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U.S. Shouldn'’t Abandon Religious Minorities in Iran

Paul Marshall & Tina Ramirez

If Rep. Lamar Smith (R., Texas), chairman of the House Judiciary Committee, does not quickly make some changes, one casualty of the current budget debates could be Iran’s heavily persecuted religious minorities. At issue is a humanitarian program authorized by something called the Lautenberg Amendment, a mechanism that has been renewed with bipartisan support for over 20 years.

Iran has persecuted its religious minorities since 1979, but in recent years, under Ahmadinejad, the repression has increased. In April, seven leaders of Iran’s Baha’i community were told that their 20-year prison sentences, previously reduced by an appeals court, had been reinstated; hundreds of Christians have been arrested in the last few months; and Pastor Yousef Nadarkhani faces a possible death sentence for apostasy.

Iran has been certified under the U.S. International Religious Freedom Act as a “Country of Particular Concern” because of its religious repression. Yet, as this crackdown on religious minorities escalates, Congress is about to end one of the few diplomatic tools we have to protect Baha’is, Christians, Jews, and others targeted by the regime.

The Lautenberg Amendment works like this: Since the U.S. does not have an embassy in Tehran, the Austrian government has been helping the American embassy in Vienna process refugee applications from Iranian religious minorities. The Austrians issue special visas that allow minorities into Austria so they can be interviewed by American officials; in turn, the Austrians seek assurances that applicants will not be left stranded in Vienna. The amendment establishes a clear standard for processing nationals and residents of the Islamic Republic of Iran, who, as members of a religious minority in Iran, “share common characteristics that identify them as targets of persecution.”

The Lautenberg Amendment does not, repeat not, require the expenditure of funds, nor does it increase the number of refugees admitted to the U.S. or change the requirements for admission. It simply provides a definition that helps assure third-party countries that the U.S. will have a consistent policy of processing Iranians that are members of a persecuted religious group.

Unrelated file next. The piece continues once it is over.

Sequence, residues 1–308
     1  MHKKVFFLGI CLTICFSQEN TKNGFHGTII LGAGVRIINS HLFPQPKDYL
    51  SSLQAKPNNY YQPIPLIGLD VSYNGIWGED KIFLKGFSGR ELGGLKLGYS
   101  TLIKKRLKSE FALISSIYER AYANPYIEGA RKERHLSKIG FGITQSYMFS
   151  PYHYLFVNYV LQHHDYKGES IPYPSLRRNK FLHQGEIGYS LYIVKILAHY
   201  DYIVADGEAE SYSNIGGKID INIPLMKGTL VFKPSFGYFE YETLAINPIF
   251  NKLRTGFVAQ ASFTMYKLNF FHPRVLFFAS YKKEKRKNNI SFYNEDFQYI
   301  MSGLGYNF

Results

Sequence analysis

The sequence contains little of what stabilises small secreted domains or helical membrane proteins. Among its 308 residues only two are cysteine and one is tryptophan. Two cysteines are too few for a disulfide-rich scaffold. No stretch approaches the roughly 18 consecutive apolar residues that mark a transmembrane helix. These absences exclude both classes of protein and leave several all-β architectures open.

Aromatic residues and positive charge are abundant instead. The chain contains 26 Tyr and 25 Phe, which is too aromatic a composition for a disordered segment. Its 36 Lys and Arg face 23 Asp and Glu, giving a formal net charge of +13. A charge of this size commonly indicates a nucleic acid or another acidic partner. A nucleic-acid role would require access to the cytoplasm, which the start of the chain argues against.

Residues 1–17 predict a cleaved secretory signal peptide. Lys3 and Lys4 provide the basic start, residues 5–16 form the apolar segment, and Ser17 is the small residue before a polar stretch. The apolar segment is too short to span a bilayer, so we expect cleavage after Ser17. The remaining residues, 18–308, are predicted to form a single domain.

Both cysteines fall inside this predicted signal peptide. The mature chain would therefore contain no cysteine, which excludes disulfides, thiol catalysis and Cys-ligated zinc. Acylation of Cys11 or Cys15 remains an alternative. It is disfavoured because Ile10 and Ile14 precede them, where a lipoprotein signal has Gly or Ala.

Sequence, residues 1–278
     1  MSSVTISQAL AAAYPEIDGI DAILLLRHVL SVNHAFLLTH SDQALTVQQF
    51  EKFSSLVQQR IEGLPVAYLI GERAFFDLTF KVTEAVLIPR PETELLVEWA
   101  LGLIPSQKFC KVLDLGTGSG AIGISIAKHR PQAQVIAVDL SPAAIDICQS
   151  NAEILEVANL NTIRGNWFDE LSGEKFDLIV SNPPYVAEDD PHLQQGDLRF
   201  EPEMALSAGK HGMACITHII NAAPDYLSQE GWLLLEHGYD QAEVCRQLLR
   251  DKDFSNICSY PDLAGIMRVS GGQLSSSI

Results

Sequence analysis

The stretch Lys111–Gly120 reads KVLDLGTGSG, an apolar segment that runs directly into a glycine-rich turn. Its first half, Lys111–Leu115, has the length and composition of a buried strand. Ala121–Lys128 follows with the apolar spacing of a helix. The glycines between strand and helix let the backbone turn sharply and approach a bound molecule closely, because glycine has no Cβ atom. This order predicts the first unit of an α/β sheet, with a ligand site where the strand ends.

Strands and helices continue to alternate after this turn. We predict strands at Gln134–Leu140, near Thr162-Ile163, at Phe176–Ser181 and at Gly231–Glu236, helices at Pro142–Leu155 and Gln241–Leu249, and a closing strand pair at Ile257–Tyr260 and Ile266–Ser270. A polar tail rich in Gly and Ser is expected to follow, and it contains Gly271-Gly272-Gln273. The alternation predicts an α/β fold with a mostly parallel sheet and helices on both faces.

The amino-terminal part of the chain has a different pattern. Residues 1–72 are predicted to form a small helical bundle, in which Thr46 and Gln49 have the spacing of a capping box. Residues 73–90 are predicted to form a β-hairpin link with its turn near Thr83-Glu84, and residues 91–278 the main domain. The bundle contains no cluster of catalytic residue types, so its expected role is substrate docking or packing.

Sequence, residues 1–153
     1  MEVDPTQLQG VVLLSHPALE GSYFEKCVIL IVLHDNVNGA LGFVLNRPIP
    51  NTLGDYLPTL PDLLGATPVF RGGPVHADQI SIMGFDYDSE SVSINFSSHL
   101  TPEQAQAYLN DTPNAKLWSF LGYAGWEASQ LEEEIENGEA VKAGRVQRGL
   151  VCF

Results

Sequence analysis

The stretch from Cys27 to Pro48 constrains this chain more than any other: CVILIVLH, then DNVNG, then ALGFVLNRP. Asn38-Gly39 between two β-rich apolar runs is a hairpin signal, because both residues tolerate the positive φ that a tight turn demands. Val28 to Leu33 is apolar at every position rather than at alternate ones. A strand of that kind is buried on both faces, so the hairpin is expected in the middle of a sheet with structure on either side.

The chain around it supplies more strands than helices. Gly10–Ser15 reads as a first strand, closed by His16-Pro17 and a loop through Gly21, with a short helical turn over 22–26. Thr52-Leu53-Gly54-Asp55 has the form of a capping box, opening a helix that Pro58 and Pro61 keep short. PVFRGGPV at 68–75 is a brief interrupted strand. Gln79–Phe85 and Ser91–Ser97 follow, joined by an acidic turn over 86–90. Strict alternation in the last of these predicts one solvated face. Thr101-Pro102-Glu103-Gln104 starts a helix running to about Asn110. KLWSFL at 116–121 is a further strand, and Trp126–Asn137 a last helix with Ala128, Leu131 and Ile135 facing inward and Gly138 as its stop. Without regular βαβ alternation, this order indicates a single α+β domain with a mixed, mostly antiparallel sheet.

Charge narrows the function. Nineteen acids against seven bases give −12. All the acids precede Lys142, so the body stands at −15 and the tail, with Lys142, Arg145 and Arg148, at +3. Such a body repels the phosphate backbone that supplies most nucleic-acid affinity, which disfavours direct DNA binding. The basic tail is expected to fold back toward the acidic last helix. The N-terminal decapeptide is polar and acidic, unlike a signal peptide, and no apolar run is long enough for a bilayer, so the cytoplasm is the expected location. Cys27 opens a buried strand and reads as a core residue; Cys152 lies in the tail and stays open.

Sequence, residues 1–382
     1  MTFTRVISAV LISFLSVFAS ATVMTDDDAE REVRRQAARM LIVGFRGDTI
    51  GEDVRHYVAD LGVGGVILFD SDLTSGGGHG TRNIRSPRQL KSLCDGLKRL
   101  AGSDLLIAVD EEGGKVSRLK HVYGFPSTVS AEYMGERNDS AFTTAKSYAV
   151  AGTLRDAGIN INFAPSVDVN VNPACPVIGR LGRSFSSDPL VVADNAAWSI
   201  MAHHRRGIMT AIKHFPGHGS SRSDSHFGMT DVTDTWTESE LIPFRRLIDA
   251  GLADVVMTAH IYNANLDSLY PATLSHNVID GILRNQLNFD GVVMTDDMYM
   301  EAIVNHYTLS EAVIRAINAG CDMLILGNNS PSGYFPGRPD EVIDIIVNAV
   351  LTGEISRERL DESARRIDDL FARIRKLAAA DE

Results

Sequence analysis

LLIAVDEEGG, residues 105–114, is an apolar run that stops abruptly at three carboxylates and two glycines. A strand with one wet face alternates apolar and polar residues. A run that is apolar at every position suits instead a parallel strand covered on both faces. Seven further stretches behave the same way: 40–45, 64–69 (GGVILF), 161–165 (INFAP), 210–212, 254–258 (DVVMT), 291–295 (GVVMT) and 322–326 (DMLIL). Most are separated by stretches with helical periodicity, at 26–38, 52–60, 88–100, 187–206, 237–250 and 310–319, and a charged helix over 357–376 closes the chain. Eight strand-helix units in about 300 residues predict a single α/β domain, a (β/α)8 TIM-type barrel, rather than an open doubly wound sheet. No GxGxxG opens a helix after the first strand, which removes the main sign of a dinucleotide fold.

Previously, the Lautenberg Amendment has been attached to the annual foreign-affairs budget and received widespread bipartisan support. However, despite pleas from religious organizations and members of Congress, Congressman Smith is resisting the program, since he believes he should have oversight over this and all other programs relating to immigration.

Smith’s colleagues have prevailed on him to have the program extended, but so far only to June 1, 2011. If is not renewed until 2012, or even if there is a hiatus, Austria may stop issuing visas and persecuted minorities will be trapped or forced to pursue more dangerous options in neighboring countries, which often shift refugees back to Iran.

There are currently at least 688 Iranians who have begun the refugee applications process and who may remain trapped in Iran unless the program is renewed, and this number is increasing. If Lautenberg is not renewed, then Iranian Baha’is, Christians, and Jews will not only have to flee to countries bordering Iran, but they will also have to face the United Nations, which is the refugee gatekeeper and is frequently hostile to non-Muslim applicants.

At a time when the Middle East is in ferment, this is an opportunity to support human dignity and religious freedom. Those who support religious liberty should press Congressman Smith to end his opposition.

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